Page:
Because of the government shut down all National Parks, including Mt. Rainier, are shut down. Due to websites being considered non-essential, they can’t even update the website to let people know what to expect. Turns out, the roads have been blocked, gates have been locked and it’s not possible to drive into the National Park anymore. Putting this out here because I couldn’t find this info anywhere else. So disappointing.
Growing up in Mumbai, I remember seeing stars above me. I remember vividly that I could see the 30 brightest stars in the Northen Hemisphere as I knew them by name and could find them at night. In the 90s, light pollution came and you couldn’t see anymore. Yet, nothing is more awestriking yet relatively easily accessible than a simple moonless, starlit night. At least for now, you can just get away from man-made settlements by maybe a couple of hour to experience that.
Last week I went with friends over the Sunrise Point in Mt. Rainier. The visibility forecast for it was very good and I was hoping to capture the Milky Way on my camera using a long exposure.
Here are the results. All the light in this picture is coming from the Milky Way and other starlight. There was no moon, and no other man made light leaking through. The dots on the mountain itself are climbers making a summit attempt.
Visibility of our surroundings is a key aspect of the experience of a place. I live in Seattle and one thing everyone here is obsessed with is Mt. Rainier. It’s common to hear the phrase “The mountain’s out”. How many times in a year can you see Mt. Rainier from Seattle? Some people claim that it’s a “few days a year”. This time-lapse shows that in 2012 you could see Mt. Rainier a total of minimum 83 times. That translates to once every 4-5 days.
Since I am only looking at pictures taken at exactly 3pm every day, the actual number of times you can see the mountain at least once is definitely higher if you consider other times of the day you get a peek at it.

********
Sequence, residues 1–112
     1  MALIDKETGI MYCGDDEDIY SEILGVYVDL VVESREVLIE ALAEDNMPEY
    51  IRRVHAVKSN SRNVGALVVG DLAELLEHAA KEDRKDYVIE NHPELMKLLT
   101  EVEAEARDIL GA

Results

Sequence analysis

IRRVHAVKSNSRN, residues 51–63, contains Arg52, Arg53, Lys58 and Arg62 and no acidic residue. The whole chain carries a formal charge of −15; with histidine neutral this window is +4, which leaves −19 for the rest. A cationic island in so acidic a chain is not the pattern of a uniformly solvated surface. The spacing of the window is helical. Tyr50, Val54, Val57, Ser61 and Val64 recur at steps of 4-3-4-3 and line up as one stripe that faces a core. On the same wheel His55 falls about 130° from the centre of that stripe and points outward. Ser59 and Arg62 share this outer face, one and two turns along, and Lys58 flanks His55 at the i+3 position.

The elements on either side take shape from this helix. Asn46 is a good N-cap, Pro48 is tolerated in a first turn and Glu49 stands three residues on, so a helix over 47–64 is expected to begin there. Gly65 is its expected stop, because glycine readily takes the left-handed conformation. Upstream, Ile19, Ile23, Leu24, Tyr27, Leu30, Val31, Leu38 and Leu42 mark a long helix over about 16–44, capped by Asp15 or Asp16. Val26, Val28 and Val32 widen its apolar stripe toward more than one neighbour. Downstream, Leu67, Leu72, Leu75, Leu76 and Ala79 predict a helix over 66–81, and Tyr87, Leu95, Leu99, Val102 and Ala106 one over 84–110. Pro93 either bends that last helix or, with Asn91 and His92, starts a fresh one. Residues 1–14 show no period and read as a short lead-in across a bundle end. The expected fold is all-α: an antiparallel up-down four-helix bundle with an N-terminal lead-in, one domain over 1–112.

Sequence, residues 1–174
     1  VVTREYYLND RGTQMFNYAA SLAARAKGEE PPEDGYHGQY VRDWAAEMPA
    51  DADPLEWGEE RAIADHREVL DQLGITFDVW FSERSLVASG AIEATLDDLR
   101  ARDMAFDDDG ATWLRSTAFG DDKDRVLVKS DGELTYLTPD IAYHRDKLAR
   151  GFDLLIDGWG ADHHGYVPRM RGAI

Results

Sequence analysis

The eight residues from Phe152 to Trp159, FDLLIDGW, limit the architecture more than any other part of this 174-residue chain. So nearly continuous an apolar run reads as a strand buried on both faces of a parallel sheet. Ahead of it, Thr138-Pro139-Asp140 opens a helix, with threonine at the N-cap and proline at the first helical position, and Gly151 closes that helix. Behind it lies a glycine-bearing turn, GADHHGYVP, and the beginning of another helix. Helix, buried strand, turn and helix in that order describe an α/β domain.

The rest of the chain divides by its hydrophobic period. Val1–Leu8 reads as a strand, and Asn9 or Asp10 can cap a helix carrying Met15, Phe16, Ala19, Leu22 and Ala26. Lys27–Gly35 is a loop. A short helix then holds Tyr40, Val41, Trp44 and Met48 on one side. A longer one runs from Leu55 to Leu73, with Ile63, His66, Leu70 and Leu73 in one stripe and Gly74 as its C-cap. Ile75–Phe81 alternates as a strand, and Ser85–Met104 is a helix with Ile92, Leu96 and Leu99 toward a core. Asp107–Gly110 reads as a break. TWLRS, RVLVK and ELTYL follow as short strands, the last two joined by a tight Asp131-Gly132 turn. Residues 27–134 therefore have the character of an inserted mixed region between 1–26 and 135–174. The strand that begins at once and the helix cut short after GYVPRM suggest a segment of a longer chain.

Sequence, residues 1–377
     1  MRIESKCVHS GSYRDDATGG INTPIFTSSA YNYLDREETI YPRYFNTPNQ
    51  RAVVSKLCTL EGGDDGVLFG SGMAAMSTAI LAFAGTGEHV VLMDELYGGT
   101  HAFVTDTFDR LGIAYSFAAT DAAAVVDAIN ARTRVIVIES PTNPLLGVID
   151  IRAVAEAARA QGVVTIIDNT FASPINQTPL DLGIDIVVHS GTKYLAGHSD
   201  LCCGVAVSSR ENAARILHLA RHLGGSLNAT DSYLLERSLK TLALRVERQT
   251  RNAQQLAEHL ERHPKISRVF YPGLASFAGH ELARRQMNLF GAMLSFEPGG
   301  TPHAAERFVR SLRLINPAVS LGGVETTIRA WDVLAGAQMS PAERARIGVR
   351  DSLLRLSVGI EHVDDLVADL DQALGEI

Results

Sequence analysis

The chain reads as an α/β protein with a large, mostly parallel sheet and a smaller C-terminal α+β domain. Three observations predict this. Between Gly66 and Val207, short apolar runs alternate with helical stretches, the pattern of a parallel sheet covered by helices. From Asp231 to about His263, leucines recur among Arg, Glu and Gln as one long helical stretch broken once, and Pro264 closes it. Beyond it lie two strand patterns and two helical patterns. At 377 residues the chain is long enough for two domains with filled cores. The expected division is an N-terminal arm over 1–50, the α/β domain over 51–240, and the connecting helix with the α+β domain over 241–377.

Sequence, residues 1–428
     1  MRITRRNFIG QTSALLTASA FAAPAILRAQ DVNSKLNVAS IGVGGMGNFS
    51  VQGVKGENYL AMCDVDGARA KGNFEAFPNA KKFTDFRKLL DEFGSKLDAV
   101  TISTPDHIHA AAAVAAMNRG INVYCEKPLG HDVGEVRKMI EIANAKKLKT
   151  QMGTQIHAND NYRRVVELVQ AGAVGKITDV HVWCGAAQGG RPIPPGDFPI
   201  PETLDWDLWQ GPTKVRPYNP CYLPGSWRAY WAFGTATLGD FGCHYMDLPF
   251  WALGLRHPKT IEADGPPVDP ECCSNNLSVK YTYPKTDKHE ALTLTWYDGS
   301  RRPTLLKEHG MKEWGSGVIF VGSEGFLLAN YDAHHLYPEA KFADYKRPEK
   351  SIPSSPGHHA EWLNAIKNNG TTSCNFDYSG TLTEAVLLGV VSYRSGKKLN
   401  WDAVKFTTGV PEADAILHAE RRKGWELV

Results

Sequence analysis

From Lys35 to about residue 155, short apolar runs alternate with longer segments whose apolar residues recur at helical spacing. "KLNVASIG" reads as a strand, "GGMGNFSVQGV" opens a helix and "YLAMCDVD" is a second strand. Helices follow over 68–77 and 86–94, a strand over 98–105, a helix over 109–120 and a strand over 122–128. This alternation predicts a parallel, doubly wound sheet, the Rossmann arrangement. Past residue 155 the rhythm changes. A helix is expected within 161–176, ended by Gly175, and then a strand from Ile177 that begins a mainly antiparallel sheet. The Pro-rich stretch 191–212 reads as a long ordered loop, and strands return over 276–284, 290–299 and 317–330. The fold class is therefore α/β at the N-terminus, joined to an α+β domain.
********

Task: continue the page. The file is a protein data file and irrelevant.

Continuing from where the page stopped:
Pictures taken by the awesome folks at Puget Sound Clean Air Agency. I recently found out about them but am in no way affiliated to them. Watch their visibility camera here: http://www.pscleanair.org/airq/visibility/default.aspx
I wrote this simple perl script to grab the images from the website and then actually used iMovie to put them together and manually added the counter.
Jen and I don’t really attach much significance to days like New Years day. However, why pass on a nice extended weekend to get out and have some fun? We decided to go snow camping on Mt. Rainier. We had been to Mt. Rainier many times before but had never camped overnight, and never really built a snow cave. Got a lot of help from my good friend Brad, who helped me figure out what supplies I would need and how to use them. Also did a lot of research online on tips on building snow caves. Mt. Rainier is one of the snowiest places on earth and the hike to Camp Muir is one of the 10 most deadliest ones in the US. So I also went through all the incidents of fatalities and emergencies on Mt. Rainier over the last 30 years. Almost all involved bad luck and many were made worse because the victims and survivors hadn’t been planning on staying there long but were forced to due to bad weather. Since we had enough supplies
We hiked up to Camp Muir yesterday which is at an elevation of 10,080ft. Starting at Paradise it’s a 4,700 ft climb that happens over 5.5 miles. The last 2-3 miles is just a vast snow-field and traversing up that is a chore. Good boots help but we use 5 finger shoes which don’t do too well on the snow.
Solution: we used micro-spikes and attached them to the 5 finger shoes and they work really well! Except, the 5 finger shoes don’t have much insulation or water protection and the toes start getting cold 🙁 Make sure you wear socks and have more at hand in case they get wet.